What's it going to cost for the hospital's electrical panel? - KUAM.com-KUAM News: On Air. Online. On Demand.

What's it going to cost for the hospital's electrical panel?

Posted: Jul 12, 2018 4:23 PM Updated:

$1,700 or $6 million? Those are the two separate repair assessments for the hospital's electrical panel.  GMH says a loss of power due to a failure of the panel would risk patient's lives.  But the question from senators is: how much do you need to pay to fix it?

$1,747.73, according to a final report sent to hospital administrator Peter John Camacho by GPA general manager John Benavente on Tuesday.  GMH had sought the Guam Power Authority's recommendation on the more than 40-year-old main electrical panel, and GPA concludes - among other things - that it does not appear to be in danger of immediate failure, but it did have a few recommendations to continue safe operations: like wiping down the equipment and removing all dust or Covering and sealing exposed, unused conduits. 

GPA says it'll even come up with an emergency response plan for any future issues with the main panel. A day later GMH issued a statement saying it wanted to clarify media reports about the panel. It said prudent practice and standards require preparedness for emergencies, and the panel is 43 years old, almost three times its economic life.  GMH says it discussed a possible power failure as part of a table top exercise last month, and says the threats are real and require planning, especially as it goes through self-assessment to meet the requirements of the Medicaid and Medicare programs.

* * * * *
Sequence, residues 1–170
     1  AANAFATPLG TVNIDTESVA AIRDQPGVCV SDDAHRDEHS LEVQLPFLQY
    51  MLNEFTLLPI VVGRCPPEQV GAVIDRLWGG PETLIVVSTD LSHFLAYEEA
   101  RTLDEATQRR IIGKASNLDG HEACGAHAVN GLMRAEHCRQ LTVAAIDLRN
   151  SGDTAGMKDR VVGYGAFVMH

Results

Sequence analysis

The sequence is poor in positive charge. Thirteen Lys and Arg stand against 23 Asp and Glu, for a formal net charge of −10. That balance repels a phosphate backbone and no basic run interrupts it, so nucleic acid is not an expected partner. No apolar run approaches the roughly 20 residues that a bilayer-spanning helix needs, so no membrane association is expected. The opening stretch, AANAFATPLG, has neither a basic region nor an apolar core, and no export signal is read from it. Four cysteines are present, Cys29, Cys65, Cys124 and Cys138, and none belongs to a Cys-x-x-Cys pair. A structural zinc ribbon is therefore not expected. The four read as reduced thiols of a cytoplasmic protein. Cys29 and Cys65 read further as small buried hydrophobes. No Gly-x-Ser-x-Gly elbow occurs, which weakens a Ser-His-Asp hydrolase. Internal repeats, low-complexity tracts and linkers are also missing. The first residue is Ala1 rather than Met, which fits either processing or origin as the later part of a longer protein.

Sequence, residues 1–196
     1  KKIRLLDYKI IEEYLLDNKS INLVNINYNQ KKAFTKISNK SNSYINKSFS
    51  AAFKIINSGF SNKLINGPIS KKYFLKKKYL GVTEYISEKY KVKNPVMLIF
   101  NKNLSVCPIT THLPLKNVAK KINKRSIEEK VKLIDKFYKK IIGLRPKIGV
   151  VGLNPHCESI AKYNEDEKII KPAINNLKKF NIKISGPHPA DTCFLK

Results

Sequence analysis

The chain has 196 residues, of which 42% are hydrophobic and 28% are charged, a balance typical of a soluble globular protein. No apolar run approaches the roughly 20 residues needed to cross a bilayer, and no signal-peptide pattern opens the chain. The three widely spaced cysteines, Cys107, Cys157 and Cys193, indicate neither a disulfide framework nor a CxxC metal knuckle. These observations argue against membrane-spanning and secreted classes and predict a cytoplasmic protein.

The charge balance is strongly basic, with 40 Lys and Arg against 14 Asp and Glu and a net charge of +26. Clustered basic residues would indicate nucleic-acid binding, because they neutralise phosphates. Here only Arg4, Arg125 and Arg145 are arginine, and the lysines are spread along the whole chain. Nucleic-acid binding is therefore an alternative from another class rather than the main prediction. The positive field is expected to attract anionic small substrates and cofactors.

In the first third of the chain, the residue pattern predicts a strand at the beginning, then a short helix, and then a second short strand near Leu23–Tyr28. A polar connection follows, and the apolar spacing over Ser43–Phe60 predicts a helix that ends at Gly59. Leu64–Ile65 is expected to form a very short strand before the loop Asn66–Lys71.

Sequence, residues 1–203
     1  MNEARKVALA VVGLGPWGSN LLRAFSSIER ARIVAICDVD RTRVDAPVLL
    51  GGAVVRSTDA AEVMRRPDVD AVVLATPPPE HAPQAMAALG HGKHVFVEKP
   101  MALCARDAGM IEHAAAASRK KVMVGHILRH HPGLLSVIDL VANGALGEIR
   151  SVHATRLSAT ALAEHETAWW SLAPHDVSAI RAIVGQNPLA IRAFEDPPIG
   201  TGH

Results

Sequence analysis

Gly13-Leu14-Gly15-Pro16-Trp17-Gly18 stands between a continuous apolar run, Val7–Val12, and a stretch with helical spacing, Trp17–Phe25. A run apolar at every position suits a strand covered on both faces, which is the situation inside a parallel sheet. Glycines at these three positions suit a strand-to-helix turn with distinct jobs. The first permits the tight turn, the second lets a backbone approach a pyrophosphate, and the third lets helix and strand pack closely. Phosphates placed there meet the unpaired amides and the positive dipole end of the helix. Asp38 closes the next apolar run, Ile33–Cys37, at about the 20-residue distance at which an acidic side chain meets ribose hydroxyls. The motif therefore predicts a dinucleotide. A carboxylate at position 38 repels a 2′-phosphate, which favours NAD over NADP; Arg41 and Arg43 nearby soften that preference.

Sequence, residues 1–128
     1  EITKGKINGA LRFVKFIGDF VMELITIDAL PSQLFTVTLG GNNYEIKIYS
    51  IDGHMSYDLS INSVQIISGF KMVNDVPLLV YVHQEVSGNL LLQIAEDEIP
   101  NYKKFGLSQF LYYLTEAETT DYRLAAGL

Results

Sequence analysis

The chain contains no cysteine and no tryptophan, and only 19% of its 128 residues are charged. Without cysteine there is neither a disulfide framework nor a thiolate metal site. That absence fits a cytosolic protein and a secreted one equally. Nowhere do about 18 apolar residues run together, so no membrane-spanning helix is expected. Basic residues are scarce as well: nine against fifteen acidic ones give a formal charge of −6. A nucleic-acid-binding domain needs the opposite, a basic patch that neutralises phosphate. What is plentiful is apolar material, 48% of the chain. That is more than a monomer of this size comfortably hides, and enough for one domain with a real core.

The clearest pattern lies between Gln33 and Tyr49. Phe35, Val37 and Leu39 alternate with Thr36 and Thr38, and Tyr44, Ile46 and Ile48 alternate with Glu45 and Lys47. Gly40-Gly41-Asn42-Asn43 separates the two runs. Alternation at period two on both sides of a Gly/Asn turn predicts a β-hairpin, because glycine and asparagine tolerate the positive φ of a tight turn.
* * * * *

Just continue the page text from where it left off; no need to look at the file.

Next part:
GMH also released a recommendation from electrical engineering contractor EMCE to replace and remove the panel. The company says a hospital's loss of electrical power can result in devastating consequences.  It says "band-aid fixes" since the mid-90's have made replacement of the panel a necessity.

EMCE also listed a series of critical concerns with the panel. It concludes that replacement of the main panel will address the hospital's master plan, increase reliability, and eliminate the "eminent danger that can be life-threatening for patients."

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